On January 20, 1961 in Washington, D.C., President John F. Kennedy delivered his inaugural speech, excerpted below. Much of the speech addressed the Cold War between the United States and the Soviet Union. The most memorable section was the president’s exhortation for American participation in civic life.
...The world is very different now. For man holds in his mortal hands the power to abolish all forms of human poverty and all forms of human life. And yet the same revolutionary beliefs for which our forebears fought are still at issue around the globe — the belief that the rights of man come not from the generosity of the state but from the hand of God.
We dare not forget today that we are the heirs of that first revolution. Let the word go forth from this time and place, to friend and foe alike, that the torch has been passed to a new generation of Americans — born in this century, tempered by war, disciplined by a hard and bitter peace, proud of our ancient heritage — and unwilling to witness or permit the slow undoing of those human rights to which this nation has always been committed, and to which we are committed today at home and around the world.
Let every nation know, whether it wishes us well or ill, that we shall pay any price, bear any burden, meet any hardship, support any friend, oppose any foe, to assure the survival and the success of liberty…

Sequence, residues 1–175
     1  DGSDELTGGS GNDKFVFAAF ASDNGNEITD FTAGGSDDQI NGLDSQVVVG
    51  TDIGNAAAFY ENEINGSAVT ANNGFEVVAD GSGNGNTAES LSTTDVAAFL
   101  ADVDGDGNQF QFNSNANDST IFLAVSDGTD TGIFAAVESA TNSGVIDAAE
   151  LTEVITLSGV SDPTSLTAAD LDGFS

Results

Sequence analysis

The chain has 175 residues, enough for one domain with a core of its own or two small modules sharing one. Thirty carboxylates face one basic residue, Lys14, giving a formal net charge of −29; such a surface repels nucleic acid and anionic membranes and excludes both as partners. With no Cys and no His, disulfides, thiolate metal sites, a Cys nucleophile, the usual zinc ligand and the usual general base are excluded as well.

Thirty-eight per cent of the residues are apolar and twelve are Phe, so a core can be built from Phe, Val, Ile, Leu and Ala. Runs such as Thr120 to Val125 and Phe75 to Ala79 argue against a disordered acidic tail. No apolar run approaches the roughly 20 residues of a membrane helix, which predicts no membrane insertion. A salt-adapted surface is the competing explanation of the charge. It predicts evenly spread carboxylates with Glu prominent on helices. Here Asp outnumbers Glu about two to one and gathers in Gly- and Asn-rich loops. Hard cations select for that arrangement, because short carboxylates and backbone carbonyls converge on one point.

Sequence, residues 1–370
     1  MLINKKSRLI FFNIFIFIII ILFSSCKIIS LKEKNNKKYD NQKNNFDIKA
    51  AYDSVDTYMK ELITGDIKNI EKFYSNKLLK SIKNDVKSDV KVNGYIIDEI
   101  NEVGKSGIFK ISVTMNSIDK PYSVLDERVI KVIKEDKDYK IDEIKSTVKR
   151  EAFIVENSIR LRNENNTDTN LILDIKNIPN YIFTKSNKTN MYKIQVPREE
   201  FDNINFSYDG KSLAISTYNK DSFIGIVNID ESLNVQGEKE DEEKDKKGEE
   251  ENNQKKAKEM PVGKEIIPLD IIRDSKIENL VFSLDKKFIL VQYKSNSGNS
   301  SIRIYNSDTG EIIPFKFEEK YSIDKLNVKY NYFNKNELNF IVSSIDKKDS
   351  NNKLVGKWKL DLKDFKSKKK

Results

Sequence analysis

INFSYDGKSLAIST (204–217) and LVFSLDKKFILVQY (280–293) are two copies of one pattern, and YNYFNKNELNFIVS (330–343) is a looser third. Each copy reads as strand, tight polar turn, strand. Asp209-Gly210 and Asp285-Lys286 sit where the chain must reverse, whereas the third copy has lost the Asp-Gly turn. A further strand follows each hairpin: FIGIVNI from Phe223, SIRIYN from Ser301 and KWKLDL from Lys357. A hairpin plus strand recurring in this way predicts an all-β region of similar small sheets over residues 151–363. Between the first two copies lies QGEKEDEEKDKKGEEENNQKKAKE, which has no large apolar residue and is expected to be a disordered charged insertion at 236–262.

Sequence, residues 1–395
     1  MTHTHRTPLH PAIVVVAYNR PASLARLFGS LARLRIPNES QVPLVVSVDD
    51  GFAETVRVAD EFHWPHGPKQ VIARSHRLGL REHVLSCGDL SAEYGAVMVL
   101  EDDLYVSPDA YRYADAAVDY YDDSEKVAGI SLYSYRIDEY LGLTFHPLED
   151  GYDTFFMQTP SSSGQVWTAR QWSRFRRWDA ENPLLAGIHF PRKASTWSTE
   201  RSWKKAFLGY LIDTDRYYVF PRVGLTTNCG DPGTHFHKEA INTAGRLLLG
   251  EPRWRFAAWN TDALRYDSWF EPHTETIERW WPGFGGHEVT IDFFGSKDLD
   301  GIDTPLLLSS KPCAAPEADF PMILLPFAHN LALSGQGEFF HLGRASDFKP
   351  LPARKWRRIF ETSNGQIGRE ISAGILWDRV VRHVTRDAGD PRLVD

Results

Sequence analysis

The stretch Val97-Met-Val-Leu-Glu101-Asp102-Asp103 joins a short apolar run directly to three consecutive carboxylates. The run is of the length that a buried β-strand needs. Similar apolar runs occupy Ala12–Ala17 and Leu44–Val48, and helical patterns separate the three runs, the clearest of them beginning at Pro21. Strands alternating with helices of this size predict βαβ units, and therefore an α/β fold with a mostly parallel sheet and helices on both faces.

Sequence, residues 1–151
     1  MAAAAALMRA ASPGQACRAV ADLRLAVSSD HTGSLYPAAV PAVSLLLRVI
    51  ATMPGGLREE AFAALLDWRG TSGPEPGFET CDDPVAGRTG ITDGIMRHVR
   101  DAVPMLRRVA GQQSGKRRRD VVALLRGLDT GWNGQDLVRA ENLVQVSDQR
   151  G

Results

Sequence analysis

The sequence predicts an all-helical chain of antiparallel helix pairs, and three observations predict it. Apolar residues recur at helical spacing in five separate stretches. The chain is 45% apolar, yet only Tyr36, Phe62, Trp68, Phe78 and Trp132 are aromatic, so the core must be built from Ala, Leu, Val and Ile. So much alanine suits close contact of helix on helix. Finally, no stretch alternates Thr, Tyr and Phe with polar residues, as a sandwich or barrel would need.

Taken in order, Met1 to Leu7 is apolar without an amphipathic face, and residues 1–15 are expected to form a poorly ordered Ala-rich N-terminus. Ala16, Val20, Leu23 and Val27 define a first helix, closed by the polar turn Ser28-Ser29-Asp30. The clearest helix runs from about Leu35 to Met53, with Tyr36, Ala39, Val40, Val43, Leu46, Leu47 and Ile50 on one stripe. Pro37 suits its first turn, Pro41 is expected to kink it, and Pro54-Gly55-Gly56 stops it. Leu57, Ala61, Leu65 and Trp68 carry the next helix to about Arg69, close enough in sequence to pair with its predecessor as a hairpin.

...In the long history of the world, only a few generations have been granted the role of defending freedom in its hour of maximum danger. I do not shrink from this responsibility; I welcome it. I do not believe that any of us would exchange places with any other people or any other generation. The energy, the faith, the devotion which we bring to this endeavor will light our country and all who serve it, and the glow from that fire can truly light the world.
And so, my fellow Americans, ask not what your country can do for you; ask what you can do for your country. My fellow citizens of the world, ask not what America will do for you, but what together we can do for the freedom of man…
For the full text of John Kennedy’s inaugural speech, along with an audio recording, visit the Web site of the John F. Kennedy Library and Museum at http://www.jfklibrary.org
Malcolm X, a man who both terrified and inspired, expressed the anger and struggle of black people for freedom in the 1960s.
A president who rose from a broken childhood to become one of the most successful politicians in modern American history, and one of the most complex and conflicted characters to ever stride across the public stage.
The remarkable and tragic life of the third Kennedy son, Robert F. Kennedy.
The black residents of Tulsa relive their community's remarkable rise and tragic decline.
Murderer, martyr, hero - John Brown's violent crusade against slavery would divide the nation and spark the Civil War.
Today one of the most-recognized figures in American literary history, poet Walt Whitman was denounced by critics in his own time.
President Richard Nixon and Henry Kissinger initiated a secret diplomatic breakthrough with Mao Tse-tung that shocked and changed the world.
American comandante William Morgan went to Cuba to help Fidel Castro return the country to a democracy. Instead, four years later, he was executed.